The Grazing Game

The Grazing Game Can Change Behavior and Emotions.The easiest, scientifically endorsed methods to train and socialize your dog involve food. If we couldn’t go to the grocery store and bring home bags of groceries, we would be asking, “Who’s got the food? What can I do for the people who have the food!”

Use your dog's ration of food calories to train basic skills and to help your dog overcome socialization difficulties. Food can be used as a reward, to enhance emotional connections and dispel fear. It can effectively focus, redirect, distract, and calm a hyperactive, fearful, or noise-phobic dog, and to safely treat all types of aggression.

Dogs are born scavengers. Setting up grazing opportunities gives your dog a dog-job he likes that keeps him out of trouble. Grazing Games are naturally occurring species-specific activities your dog is designed to enjoy. They're both mentally and physically stimulating for your dog. All dogs including geriatric, grieving and and dogs recovering from injuries find grazing fun.

"Rocco" Busy at work doing his dog-job. Photo Courtesy of Cindy Staszak

"Rocco" Busy at work doing his dog-job. Photo Courtesy of Cindy Staszak

Here’re some of my favorite Grazing Games:

  • Scatter Breakfast and/or Dinner. No need to feed from a bowl. That’s something humans, not dogs, like to do. Your dog will find every last piece of premium-quality kibble you’ve thrown out on the patio, walkways, or lawn while you read the newspaper and have your coffee.
  • Use Food to Change Emotions. Desensitize fear of the yard, car, location, noise, person, or other dog, by scattering high-value food paired with a low intensity version of the feared stimulus.
  • Separation Anxiety/Housetraining. Pet parents often mistake a separation anxiety issue for a housetraining problem. If you suspect your dog may be afraid to go outside without you, scatter kibble for grazing in the yard – just not on the elimination area.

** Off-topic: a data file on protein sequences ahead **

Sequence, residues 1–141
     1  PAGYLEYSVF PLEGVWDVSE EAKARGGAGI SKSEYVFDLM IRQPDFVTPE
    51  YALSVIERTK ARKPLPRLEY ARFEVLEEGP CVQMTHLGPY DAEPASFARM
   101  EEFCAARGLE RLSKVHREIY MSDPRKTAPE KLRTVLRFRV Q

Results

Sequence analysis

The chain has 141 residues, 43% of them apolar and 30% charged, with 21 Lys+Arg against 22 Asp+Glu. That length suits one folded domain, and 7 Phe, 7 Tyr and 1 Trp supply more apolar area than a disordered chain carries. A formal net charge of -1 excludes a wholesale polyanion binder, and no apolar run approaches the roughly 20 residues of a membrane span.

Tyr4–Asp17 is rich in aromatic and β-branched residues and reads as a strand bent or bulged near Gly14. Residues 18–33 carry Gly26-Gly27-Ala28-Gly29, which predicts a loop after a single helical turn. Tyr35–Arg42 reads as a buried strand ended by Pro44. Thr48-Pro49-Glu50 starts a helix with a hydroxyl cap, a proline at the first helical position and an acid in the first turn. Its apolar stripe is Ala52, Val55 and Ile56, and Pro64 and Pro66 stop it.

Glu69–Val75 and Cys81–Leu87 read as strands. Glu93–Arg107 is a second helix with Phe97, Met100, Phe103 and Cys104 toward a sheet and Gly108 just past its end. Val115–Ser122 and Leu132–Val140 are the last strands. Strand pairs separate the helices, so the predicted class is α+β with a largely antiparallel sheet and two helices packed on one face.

• Housetraining Accidents. Scatter treats over thoroughly cleaned urination and defection areas. Dogs don’t like to eliminate where they eat.
  • Crate training. Scatter food over the floor of the crate to diffuse fearfulness.
  • Environmental Enhancement. Grazing makes almost any environment feel safer and interesting.

Animal behavior icons from B.F. Skinner to Pavlov and progressive zoos worldwide, control very large and potentially dangerous animals by using the power of food judiciously and wisely. Your dog is easy by comparison!

Linda Michaels, MA, Del Mar’s “dog psychologist” and Victoria Stilwell-licensed trainer, canine behavioral consultant and speaker, may be reached at www.DogPsychologistOnCall.com or 858.259.9663.

Orginally published for the UT San Diego newspaper. Chris Ross, Editor. All rights reserved.

 

 

 

 

 


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authorname

Positively Expert: Linda Michaels, MA

Linda Michaels is a VSPDT trainer, dog training columnist, and owner of Dog Psychologist On Call in Del Mar, CA. Linda holds a Master’s Degree in Psychology with research experience in Behavioral Neurobiology. She is a Behavioral Advisor for the Wolf Education Project (WEP) in Julian, CA and Art for Barks in Rancho Santa Fe, CA.


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